Fluid in the lungs is a health problem known scientifically as pulmonary edema, which occurs when the pulmonary alveoli become filled with fluid due to other diseases not treated properly such as heart failure or respiratory infections, for example.
Since excess fluid in the lungs makes breathing difficult and oxygen is reduced in the body, water in the lung can be life-threatening and it is therefore recommended you go to the emergency room quickly when symptoms appear such as difficulty breathing, wheezing or coughing up blood persistently.
Fluid in the lungs has a cure, however, treatment should be started as soon as possible to prevent oxygen levels in the body from falling too much and putting your life at risk.
Depending on the cause of your pulmonary edema, the symptoms may appear over time or appear suddenly. Some of the most common symptoms include:
- Difficulty breathing, which worsens when lying down;
- Feeling you are suffocating or drowning;
- Intense wheezing when breathing;
- Coughing with secretions that may contain blood;
- Severe chest pain;
- Getting tired very easily;
- Swelling of your legs or feet.
When more than one of these symptoms occur, it is recommended to call for medical help by calling 911 (US) e 999 (UK), or immediately go to the hospital emergency room, to have an X-ray of your chest done, to confirm the diagnosis and start treatment quickly so you can avoid serious complications that can lead to death.
How to confirm the diagnosis
In most cases, to confirm the diagnosis of pulmonary edema, the doctor observes the symptoms and evaluates your health history. However, in some cases it may be necessary to have tests such as pulmonary auscultation or chest x-ray to confirm the diagnosis.
What can cause pulmonary edema
Pulmonary edema occurs whenever the lungs fill with fluid, making it difficult for air to enter. The most common cases arise when there is a cardiovascular disease, such as coronary heart disease, heart failure or high blood pressure, because the heart can stop working properly, causing a blood accumulation in the lung.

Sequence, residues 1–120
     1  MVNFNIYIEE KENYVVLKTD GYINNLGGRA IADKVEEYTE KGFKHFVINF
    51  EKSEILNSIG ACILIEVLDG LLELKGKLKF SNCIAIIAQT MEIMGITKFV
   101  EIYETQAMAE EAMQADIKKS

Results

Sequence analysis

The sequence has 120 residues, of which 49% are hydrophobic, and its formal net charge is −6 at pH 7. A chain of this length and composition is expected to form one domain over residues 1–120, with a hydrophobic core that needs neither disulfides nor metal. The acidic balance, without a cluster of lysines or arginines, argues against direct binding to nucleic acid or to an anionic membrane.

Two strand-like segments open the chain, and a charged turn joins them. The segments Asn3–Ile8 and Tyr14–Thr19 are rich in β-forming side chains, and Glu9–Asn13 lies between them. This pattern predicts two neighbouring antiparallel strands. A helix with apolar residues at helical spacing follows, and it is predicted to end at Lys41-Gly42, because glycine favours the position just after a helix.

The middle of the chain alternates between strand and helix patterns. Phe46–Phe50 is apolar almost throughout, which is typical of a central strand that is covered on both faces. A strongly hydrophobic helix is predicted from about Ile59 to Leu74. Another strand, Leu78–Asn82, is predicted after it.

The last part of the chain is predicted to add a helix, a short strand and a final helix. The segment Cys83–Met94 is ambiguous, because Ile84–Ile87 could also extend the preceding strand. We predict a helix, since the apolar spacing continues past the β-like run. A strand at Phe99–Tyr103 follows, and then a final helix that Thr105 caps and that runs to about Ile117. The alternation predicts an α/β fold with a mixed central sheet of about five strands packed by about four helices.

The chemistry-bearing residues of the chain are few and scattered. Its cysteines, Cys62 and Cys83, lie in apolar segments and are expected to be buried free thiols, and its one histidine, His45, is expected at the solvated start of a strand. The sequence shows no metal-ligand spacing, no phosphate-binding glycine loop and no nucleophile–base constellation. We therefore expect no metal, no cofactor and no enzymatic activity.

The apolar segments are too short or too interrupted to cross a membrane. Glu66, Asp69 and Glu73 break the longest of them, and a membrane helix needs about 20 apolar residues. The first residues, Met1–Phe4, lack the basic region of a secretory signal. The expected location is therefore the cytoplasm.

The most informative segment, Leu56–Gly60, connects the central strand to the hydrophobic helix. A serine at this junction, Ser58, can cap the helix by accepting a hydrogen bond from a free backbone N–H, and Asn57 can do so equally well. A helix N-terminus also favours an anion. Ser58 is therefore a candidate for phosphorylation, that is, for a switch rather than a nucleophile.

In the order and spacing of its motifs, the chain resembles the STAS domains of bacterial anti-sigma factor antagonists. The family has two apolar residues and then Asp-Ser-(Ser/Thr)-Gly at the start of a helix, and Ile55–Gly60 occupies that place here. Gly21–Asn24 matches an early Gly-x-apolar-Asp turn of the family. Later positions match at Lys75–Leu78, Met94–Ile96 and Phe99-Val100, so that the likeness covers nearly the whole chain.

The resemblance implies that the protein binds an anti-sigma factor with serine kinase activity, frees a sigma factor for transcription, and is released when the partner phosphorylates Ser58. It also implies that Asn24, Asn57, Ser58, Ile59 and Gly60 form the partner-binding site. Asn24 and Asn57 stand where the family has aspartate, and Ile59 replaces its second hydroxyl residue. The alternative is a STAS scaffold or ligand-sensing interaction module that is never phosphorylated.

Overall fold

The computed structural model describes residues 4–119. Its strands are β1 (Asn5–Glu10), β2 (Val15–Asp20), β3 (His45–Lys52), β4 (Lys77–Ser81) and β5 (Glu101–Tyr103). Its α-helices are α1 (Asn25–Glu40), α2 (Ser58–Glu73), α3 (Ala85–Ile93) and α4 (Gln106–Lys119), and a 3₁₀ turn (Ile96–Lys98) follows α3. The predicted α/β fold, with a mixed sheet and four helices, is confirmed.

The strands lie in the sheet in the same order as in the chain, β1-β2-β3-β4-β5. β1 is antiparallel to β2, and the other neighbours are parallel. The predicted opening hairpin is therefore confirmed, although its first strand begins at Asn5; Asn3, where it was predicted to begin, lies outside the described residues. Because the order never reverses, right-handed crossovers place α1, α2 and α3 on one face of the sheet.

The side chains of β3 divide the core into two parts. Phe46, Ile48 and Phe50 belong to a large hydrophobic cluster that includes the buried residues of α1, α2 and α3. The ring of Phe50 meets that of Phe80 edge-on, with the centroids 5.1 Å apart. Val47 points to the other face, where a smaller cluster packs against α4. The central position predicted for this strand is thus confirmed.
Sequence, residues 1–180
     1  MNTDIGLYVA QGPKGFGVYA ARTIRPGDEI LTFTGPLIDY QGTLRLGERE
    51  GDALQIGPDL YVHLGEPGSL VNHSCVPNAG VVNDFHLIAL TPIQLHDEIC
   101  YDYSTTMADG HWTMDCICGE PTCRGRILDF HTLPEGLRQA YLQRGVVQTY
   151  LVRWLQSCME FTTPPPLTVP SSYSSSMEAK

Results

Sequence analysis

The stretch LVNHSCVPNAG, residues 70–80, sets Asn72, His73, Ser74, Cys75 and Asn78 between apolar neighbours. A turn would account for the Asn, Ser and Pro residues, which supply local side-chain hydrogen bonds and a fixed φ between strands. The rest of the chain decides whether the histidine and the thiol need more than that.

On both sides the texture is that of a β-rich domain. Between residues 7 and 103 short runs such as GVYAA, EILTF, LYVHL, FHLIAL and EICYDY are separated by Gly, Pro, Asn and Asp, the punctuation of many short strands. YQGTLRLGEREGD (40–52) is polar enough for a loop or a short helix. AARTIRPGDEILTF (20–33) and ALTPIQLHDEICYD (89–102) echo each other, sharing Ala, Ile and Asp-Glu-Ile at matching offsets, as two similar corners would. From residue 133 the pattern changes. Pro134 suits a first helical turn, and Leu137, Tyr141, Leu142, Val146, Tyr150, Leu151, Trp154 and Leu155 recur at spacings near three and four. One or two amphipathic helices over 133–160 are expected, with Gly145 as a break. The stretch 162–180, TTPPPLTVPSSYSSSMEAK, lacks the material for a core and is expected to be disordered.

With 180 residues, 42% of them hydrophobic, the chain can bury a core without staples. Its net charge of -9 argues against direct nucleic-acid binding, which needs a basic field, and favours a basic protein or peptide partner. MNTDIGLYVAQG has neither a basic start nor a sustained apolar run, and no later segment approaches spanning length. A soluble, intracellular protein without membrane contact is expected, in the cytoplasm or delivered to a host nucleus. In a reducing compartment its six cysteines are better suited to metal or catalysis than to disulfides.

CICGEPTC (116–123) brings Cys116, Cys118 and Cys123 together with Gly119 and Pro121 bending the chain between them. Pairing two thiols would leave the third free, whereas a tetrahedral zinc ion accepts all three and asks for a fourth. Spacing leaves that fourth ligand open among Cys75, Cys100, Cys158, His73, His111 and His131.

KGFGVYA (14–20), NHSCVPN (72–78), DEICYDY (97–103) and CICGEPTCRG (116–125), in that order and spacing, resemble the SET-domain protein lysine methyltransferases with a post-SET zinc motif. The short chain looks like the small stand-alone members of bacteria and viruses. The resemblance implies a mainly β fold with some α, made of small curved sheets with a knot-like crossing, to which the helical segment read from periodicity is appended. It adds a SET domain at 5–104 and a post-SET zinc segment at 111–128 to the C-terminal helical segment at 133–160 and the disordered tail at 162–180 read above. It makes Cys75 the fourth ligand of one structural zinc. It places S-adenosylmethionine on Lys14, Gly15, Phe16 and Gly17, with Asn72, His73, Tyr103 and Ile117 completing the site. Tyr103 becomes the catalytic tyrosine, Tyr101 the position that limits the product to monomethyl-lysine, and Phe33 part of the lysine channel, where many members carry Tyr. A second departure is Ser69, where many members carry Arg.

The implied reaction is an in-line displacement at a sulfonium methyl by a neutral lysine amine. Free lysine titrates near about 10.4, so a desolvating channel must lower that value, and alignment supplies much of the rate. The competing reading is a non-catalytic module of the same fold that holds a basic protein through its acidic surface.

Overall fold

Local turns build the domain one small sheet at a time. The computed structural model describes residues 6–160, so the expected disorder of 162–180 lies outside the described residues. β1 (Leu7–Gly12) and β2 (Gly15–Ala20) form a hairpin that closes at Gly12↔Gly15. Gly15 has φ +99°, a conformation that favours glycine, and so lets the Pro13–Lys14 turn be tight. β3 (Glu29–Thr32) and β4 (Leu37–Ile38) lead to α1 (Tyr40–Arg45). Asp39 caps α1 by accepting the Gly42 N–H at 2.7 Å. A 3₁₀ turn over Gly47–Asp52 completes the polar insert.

However, there are other situations that can cause the accumulation of fluids such as:
- Adult respiratory distress syndrome;
- Climb to altitudes above 2400 meters, such as climbing a mountain;
- Problems in the nervous system, such as head trauma, subarachnoid haemorrhage or seizure;
- Infections caused by viruses in the lungs;
- Inhalation of smoke;
- Nearly drowning, especially when there was inhalation of water.
The problem of lung water is more frequent in the elderly due to health problems, but it can also happen in young people or even in children with congenital heart diseases.
How is the treatment done
Treatment for water in the lung should be done in hospital inpatient and is usually initiated with the administration of oxygen through a mask to relieve symptoms such as difficulty in breathing, feeling of drowning and wheezing. Thereafter, some remedies may be used to eliminate excess fluid such as:
- Diuretic remedies, such as furosemide: help eliminate excess fluids from the body through the urine;
- Heart medication, such as nitroglycerin: relieves pressure on the arteries of the heart, improving its functioning and preventing the accumulation of blood in the lungs;
- Morphine: It is used to relieve the feeling of intense lack of air or strong chest pain;
- High blood pressure medication such as Captopril: reduce blood pressure, making it easier for the heart to work and preventing fluid buildup.
Because of the effect of these medications to eliminate excess fluid, the doctor may recommend using a catheter during hospitalization to avoid having to go to the bathroom to urinate all the time.
In addition to treat pulmonary edema, it is very important to find out the cause and initiate the proper treatment in order to prevent the problem from recurring.